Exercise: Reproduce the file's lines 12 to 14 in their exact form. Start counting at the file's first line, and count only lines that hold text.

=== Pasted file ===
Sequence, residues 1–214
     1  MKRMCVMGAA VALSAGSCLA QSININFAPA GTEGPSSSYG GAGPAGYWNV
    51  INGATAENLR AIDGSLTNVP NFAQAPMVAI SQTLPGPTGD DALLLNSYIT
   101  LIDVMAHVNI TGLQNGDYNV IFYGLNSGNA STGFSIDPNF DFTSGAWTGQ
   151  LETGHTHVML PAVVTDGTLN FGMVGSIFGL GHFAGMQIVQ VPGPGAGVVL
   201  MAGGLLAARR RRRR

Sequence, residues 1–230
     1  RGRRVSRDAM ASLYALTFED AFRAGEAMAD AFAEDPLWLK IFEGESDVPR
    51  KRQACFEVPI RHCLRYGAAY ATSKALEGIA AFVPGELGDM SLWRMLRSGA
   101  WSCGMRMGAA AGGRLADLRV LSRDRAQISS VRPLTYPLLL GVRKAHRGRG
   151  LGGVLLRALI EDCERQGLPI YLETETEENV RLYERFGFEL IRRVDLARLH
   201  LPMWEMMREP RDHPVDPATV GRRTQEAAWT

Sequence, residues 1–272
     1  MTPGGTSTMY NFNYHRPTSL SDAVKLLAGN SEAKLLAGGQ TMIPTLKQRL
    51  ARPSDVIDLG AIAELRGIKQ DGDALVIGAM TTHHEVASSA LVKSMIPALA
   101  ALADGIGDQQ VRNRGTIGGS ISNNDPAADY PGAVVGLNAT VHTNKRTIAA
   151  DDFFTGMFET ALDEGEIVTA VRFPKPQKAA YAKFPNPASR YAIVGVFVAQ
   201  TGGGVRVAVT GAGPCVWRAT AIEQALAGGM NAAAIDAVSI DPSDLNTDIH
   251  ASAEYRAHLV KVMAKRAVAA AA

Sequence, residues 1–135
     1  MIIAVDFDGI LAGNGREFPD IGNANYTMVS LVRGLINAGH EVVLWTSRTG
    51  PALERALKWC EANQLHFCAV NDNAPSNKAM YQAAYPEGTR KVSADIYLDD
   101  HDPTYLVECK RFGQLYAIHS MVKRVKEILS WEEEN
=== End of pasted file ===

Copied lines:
   201  LPMWEMMREP RDHPVDPATV GRRTQEAAWT

Sequence, residues 1–272
     1  MTPGGTSTMY NFNYHRPTSL SDAVKLLAGN SEAKLLAGGQ TMIPTLKQRL